Kate Marsden


In continued celebration of International Women’s Day this blog will feature brief biographies of eight amazing women whose stories are remarkable and inspirational.  Their incredible journeys will be showcased throughout the month of  March.


 At Jerusalem, although many of the lepers receive the best attention that medical skill and nursing aid can contrive, I saw enough misery to strengthen my resolution.  At Constantinople the scene of horror appalled me, and I longed, with a fervency that cannot be described, for the swift help of Heaven…I may be called an enthusiast, or a woman who bids high for the world’s applause.  I care not what I am called, or what I am thought of, so long as the goal of my ambition be reached

—Kate Marsden

 First on my list is Kate Marsden.  A nurse and missionary, Kate journeyed from England to north eastern Siberia in the late 19th century.  Born in London, she served as a nurse in Bulgaria during the Russian-Turkish War where she experienced the horrors of leprosy.  After returning to England, and reading about the plight of lepers in India, Kate decided to set up a charity to help those afflicted with the disease.  She sought the patronage of Queen Victoria and Princess Alexandra, and then that of Empress Maria Feodorovna in St. Petersburg.   Having secured support for her mission, she headed east to investigate the living conditions and treatments for lepers.  At Constantinople she met a doctor who claimed that a particular curative herb existed in Siberia.  The elusive plant was an alleged secret of the people of Yakutia.  Encouraged by the idea, Kate returned to Russia and secured further support for an expedition to Siberia.  Her plan was to give aid to the lepers of Yakutia and to find the herb to cure leprosy.

 In 1891, armed with letters of endorsement from Queen Victoria, the Empress of Russia, Prince Ivan Golitsyn and the American Embassy in St. Petersburg, Kate Marsden struck out across pre-Revolutionary Russia.  She travelled by train from Moscow to Zlatoust in the Southern Urals and then by sledge and horseback.  Her journey took her through some of the country’s roughest terrain during the height of a bitter Russian winter.  Over the course of her journey she stayed with peasants, was guarded by soldiers, faced near death in her tarantass (a long four-wheeled Russian carriage without springs), risked injury from ‘untamed Siberian steeds’ that took fright when they sensed a bear, walked for miles, distributed sugar and tea to prisoners and, ultimately, met with lepers.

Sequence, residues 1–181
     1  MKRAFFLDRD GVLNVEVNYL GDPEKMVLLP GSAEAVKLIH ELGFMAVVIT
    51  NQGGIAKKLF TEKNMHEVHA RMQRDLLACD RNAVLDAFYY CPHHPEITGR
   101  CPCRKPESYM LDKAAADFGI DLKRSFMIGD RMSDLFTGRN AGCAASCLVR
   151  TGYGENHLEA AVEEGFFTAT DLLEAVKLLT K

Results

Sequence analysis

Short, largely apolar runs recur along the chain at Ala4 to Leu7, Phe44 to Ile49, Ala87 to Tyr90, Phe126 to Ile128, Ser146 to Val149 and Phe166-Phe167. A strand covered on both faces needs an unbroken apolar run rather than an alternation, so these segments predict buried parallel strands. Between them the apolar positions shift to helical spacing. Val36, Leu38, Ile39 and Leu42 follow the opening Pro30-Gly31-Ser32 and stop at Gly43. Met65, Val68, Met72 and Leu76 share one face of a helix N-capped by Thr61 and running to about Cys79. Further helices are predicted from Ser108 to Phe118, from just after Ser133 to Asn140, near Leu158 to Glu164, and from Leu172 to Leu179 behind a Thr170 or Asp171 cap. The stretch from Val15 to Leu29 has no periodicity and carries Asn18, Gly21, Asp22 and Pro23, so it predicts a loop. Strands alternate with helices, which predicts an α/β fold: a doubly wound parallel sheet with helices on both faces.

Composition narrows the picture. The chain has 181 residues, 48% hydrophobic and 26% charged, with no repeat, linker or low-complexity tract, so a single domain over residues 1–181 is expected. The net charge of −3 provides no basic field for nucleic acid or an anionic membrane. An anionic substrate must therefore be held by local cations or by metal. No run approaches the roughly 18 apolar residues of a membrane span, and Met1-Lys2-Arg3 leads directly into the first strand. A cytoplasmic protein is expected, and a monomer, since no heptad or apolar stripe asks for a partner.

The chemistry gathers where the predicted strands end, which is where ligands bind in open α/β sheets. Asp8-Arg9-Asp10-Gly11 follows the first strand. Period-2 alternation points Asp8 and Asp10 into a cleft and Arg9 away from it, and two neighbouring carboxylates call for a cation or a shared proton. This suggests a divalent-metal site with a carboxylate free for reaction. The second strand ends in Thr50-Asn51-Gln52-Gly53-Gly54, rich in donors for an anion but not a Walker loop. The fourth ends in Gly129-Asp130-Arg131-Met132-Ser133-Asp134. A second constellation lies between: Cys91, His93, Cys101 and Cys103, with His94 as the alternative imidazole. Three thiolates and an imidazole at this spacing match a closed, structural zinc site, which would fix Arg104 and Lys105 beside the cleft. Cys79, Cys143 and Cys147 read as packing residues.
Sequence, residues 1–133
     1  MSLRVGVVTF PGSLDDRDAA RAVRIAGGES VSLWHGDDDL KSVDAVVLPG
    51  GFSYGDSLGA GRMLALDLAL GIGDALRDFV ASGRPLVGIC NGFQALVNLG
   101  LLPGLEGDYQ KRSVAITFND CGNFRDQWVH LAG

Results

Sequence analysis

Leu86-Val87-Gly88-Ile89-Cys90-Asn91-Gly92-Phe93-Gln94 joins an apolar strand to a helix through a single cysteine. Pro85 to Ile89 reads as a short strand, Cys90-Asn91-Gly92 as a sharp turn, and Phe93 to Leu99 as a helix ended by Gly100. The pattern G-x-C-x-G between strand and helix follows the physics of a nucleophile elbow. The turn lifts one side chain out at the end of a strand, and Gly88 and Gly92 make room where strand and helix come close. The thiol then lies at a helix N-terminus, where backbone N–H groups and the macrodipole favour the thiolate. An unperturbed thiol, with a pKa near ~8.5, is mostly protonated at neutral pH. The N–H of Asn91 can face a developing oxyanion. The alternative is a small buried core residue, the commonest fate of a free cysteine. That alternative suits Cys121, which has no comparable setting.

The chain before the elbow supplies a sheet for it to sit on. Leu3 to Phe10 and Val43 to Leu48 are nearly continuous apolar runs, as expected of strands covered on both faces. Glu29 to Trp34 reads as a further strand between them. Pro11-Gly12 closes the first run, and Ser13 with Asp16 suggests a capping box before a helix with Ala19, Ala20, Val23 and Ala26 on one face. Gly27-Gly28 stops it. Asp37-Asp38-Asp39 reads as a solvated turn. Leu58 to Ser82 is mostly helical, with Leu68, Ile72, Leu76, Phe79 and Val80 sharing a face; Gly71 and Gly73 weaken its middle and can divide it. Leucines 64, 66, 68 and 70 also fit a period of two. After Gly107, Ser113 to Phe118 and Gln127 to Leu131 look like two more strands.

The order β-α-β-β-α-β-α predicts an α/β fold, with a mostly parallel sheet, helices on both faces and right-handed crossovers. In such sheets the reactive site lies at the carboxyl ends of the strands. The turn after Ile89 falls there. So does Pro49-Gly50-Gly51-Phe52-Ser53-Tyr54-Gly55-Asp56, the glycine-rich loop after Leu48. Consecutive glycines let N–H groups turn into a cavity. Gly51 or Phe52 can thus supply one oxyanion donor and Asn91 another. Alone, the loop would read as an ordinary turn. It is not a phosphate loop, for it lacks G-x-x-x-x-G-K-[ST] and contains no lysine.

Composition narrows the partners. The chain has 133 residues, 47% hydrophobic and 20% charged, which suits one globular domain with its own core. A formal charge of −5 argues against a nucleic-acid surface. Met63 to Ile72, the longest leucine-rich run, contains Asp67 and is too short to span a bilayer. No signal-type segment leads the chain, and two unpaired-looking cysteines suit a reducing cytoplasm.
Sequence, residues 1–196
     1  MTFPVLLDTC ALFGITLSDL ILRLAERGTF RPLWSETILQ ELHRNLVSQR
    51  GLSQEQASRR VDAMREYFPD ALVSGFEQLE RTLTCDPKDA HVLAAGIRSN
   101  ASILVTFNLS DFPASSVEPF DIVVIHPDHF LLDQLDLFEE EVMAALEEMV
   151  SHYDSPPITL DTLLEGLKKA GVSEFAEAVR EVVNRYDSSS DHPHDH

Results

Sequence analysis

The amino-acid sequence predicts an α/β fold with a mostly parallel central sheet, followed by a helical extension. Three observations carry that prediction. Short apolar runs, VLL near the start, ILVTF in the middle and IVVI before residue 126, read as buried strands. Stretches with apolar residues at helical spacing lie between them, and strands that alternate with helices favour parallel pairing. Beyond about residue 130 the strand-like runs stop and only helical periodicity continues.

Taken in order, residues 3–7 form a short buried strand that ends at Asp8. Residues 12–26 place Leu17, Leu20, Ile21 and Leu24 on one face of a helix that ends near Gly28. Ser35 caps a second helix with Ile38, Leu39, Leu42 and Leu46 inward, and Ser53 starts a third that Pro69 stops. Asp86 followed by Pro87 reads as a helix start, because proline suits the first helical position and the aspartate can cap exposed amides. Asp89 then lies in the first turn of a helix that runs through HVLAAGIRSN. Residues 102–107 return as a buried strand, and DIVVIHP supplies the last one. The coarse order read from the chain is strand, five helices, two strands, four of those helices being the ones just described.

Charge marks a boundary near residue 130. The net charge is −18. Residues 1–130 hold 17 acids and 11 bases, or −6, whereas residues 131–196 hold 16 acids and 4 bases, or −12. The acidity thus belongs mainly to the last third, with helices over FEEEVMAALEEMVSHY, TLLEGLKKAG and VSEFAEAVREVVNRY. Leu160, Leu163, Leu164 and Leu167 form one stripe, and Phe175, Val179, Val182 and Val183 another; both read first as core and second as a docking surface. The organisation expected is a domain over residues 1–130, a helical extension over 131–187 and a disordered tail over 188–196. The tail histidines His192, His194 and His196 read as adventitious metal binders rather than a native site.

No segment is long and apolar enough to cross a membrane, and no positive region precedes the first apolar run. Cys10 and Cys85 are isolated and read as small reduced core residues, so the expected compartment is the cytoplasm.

On Sledge and Horseback to Outcast Siberian Lepers is the story of Kate Marsden’s extraordinary journey.  In her own words, and dedicated to Queen Victoria, it records for posterity one woman’s amazing efforts to aid the sick and vulnerable in the most inhospitable conditions. Even today, Yakutia is a place of extremes; in winter, temperatures dip to -72˚F, and soar to 98˚F in summer.

 Having gained the attention of the medical community and officials in Russia, her endeavours created the impetus needed to set up a colony near Vilyunst and helped to publicise the plight of leprosy.  Returning from her journey, she lectured in England and America and continued to raise funds.  Kate Marsden was awarded for her efforts by Empress Feodorovna of Russia and in 1892 she became one of the first women elected to the Fellowship of the Royal Geographical Society.  She was truly a remarkable woman!


 Our poetry anthology is now open to submissions.  We are looking for captivating and insightful poetry that reflects all things maiden, mother and crone.  Journey to Crone aims to celebrate women, female wisdom, and all stages of womanhood.  Submissions will be taken throughout the year until either the anthology is full, or late autumn.  The book will launch on 8th March 2013.

 Check out our submission and guideline pages for full details.

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